At the Crossroads of Media, Culture and Technology

The Pirates’ Quest for Liquid Democracy

Piratenpartei Poster

“Imagine you are asked” – Germany’s Piratenpartei campaigns for more direct political participation of individual citizens. The party uses software designed to fulfill ideals of “Liquid Democracy”. (Source: Piratenpartei Deutschland)

Let’s, for a moment, travel into the future. Destination: the Senate chamber, Washington, D.C., 2040. What do we see? A silent row of monitors displaying initiatives, votes, and decisions – think today’s stock exchanges but for politics. Senators are gone, individual voters discuss and decide laws directly via “democracy software” and their constitutionally guaranteed internet connection (Netflix-subscription not included).

Depending on your viewpoint this might sound utopian or dystopian but first real-world experiments with liquid democracy are already underway. The most prominent example is Germany’s Piratenpartei. Founded as an offshoot of Sweden’s Pirate Bay-inspired “Pirate Party”, this self-declared “party of the information society” won seats in four state parliaments over the past three years and is now looking to enter the Bundestag (Germany’s parliament) in the upcoming federal elections. Die Piraten (as they are called in German) support a civil right of online privacy, reforms to copyright, direct democracy, and, a little bit more surprisingly, unconditional basic income for citizens.

But more interesting than this somewhat predictable list of open source causes is their approach to party organization. Most discussion happens on a Wiki and many (but not all) state associations of the Piratenpartei use Liquid Feedback, an open source software designed to facilitate a new form of political participation.

Here is how it works.

Each party member gets access to the software, one vote, and the right to propose initiatives to whatever topic they choose. If they can attract support from ten percent of registered users within a certain timeframe, the initiative moves into the discussion phase. There, it undergoes a lengthy, structured debate in which it can be amended, evaluated and opposed following rules designed to prevent trolling. After the discussion, the initiative (and possible counter initiatives) are frozen and a second poll is taken. All initiatives that still receive support of ten per cent of users get voted on. Voting system and vote count are specifically set up to avoid “backroom compromises” and enable users to vote with their conscience.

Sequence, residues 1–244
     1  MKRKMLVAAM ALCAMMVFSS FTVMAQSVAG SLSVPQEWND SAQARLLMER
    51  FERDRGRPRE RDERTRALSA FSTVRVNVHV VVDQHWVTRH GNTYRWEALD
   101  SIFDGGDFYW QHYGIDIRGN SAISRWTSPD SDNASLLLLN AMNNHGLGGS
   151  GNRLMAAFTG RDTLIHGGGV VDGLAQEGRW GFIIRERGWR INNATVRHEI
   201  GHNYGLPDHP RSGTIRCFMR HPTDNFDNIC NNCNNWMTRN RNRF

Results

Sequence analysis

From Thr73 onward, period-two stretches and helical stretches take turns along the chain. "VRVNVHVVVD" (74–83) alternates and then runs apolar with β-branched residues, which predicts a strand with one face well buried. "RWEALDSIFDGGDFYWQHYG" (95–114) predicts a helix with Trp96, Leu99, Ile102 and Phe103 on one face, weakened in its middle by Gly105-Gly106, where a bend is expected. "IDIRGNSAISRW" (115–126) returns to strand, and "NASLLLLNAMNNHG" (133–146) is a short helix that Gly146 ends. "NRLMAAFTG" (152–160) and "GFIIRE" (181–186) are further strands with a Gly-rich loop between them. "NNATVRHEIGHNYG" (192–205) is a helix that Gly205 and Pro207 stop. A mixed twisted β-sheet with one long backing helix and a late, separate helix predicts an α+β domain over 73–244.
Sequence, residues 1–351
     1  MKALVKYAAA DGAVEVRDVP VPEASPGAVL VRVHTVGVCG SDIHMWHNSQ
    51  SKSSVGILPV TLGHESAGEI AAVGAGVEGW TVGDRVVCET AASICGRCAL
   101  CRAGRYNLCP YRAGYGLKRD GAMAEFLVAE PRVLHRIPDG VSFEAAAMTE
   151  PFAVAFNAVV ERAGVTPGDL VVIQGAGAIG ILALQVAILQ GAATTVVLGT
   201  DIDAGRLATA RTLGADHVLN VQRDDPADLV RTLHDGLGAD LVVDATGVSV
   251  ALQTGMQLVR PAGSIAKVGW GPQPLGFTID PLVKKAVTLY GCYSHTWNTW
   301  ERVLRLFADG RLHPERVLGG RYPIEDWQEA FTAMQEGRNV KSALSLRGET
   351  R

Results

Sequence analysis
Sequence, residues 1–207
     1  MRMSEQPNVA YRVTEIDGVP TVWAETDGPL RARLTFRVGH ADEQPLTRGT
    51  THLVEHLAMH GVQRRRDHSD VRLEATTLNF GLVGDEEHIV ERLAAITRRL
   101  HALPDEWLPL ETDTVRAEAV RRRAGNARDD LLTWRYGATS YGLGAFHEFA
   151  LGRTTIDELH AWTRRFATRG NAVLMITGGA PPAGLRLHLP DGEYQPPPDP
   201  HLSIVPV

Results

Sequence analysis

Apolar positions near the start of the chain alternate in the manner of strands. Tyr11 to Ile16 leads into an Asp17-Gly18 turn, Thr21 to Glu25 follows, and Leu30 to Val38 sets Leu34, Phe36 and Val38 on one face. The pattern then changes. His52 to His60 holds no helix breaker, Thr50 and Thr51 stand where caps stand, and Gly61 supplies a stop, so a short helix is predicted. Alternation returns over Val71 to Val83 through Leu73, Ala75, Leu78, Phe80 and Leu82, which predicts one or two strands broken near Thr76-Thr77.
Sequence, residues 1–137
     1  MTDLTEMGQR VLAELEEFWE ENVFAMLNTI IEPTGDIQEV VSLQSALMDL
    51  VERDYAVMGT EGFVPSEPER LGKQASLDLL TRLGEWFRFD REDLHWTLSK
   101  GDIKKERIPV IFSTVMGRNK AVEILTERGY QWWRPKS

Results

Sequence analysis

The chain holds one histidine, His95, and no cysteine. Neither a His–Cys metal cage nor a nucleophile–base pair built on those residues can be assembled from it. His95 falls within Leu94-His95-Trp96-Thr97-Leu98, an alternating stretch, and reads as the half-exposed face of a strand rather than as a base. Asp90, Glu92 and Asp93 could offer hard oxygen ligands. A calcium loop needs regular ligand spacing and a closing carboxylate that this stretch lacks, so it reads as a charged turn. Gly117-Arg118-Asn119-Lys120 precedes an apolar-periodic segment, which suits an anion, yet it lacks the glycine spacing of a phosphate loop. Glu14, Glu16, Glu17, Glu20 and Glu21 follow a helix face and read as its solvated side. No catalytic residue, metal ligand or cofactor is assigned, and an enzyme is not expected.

What makes this whole system “liquid” is the possibility of delegation. Every user can delegate their vote or indeed participation to somebody else, maybe an expert or somebody commanding respect. We do this every time we go to the polls and vote for a politician. The difference online is: you can do it much more often, faster, and for each topic.

It’s easy to see the advantages: everybody can participate as much or as little as they like in the decision process. The process is transparent and – due to predetermined discussion periods – time-efficient. In allowing vote delegation, decision power also flows naturally to those people who are more qualified to find solutions for the complex problems of highly specialized societies.